Even though Armenia, Azerbaijan and Georgia are vastly different states, they are always viewed together as one region — the South Caucasus. This means that all international human rights, anti-corruption and democratization reports will look at the indicators from these three countries and try to ‘bring them in line’ together.
The problem with this approach is this — Azerbaijan is in such a very, very bad shape these days that anything Armenia or Georgia do they will still seem like heavens of democracy and human rights.
Frankly, all I care about is Armenia. And here’s what I see — when criticized, the authorities will usually say — yes, we have problems, but look at Azerbaijan! In fact, this has become the usual mantra to justify anything.
But let’s put things in perspective, shall we?
Azerbaijan’s Silk Way Airlines Transports Weapons to Terrorists
Bulgarian reporter Dilyana Gaytandzhieva revealed in August that Azerbaijan’s state-run Silk Way Airlines has shipped 350 planeloads of heavy weapons and ammunition to terrorist groups around the world in the last three years under diplomatic cover.
After she published her article, Dilyana revealed that the Azeri Embassy urged the Bulgarian government to investigate her; as a result, she was fired from her job.
— Dilyana Gaytandzhieva (@dgaytandzhieva) August 24, 2017
Azerbaijani Laundromat and Ramil Safarov
The Organized Crime and Corruption Reporting Project (OCCRP) published a report early this week which details how Azerbaijan’s ruling elite used a $2.9 billion slush fund to pay off European politicians, buy luxury goods, and launder money. The report, which I first came accross with on the Guardian, was all over the place forcing the UK authorities to file an investigation and promise to tighten regulation.
Eurasianet investigated the story further and found, through Hungarian investigative journalism NGO Atlatszo.hu, that some $7 million payment from Azerbaijan into a Hungarian bank account, timed suspiciously closely to Budapest’s extradition of a convicted axe-murderer to Baku, where he was given a hero’s welcome and pardoned. The murderer is Ramil Safarov, who was lieutenant in the Azerbaijani army and axed a sleeping Armenian army lieutenant Gurgen Margaryan in Budapest during a NATO-sponsored language program.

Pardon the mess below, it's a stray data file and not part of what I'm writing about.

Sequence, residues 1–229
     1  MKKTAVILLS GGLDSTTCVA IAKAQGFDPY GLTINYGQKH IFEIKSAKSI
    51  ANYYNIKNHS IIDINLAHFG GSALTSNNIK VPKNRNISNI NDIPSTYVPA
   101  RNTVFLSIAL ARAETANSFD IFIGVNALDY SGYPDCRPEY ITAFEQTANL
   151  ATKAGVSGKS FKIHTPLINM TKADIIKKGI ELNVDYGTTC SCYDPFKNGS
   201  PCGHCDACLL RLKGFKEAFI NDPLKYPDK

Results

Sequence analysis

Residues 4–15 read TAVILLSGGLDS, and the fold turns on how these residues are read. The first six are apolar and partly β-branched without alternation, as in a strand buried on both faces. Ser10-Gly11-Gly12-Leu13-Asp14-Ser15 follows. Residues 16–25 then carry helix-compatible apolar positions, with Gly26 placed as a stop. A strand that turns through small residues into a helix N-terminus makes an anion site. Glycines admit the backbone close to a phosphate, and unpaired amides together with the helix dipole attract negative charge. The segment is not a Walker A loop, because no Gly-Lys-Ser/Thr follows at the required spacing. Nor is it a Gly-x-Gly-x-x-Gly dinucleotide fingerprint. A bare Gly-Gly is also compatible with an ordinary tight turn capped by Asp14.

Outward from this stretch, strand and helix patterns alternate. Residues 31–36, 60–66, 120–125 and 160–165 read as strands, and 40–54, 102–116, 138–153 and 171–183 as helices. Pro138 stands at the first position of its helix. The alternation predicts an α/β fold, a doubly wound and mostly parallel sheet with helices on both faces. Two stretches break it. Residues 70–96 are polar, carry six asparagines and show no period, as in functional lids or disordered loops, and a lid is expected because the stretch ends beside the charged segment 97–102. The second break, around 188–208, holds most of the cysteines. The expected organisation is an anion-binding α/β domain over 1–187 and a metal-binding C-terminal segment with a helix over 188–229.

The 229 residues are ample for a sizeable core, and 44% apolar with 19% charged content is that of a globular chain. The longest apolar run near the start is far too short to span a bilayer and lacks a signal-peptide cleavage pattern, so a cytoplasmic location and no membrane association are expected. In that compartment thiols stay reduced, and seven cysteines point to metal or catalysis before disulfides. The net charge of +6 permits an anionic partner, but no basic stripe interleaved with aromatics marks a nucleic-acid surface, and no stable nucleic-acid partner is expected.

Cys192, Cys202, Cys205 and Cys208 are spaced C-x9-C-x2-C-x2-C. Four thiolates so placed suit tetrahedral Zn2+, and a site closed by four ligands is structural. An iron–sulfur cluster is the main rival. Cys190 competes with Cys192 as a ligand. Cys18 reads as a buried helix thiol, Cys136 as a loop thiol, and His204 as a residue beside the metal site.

Hungary later denied the charges.
The UNESCO Infiltration
Again via the Guardian report we learned that UNESCO Director-General Irina Bokova’s husband has received over half-a-million-dollars as part of Azerbaijan’s corruption and money laundering scheme. According to Djulfa.com this explains much of UNESCO’s “unflinching and hitherto inexplicable support of oil-rich Azerbaijan, despite the latter’s deliberate desecration of ancient archeological sites.” In light of her husband’s connection to the recently-revealed Azerbaijani money laundering scheme, Djulfa.com calls on Director-General Bokova to resign before November’s expiration of her second and final term as well as to publicly oppose the Aliyev regime’s candidate for UNESCO director-general, Polad Bülbüloğlu, who was Azerbaijan’s Minister of Culture at the time of Djulfa’s destruction.
PS: I usually prefer to use my very limited time on covering internal Armenian issues, but as you can see above, most of what’s happening with Azerbaijani Laundromat is closely related to Armenia. In fact, the conflict with Armenia provides the Azeri authorities with the justification to do anything — jail human rights activists and journalists on espionage charges, spend its oil-money around to ‘solicit’ support for Azerbaijan and via unconfirmed rumours, even work with terrorists in the hope that if a new war breaks out in Karabakh Islamist fighters would support Muslim Azerbaijan in its fight against Christian Armenians. Sadly, there’s not end in sight to all of this madness.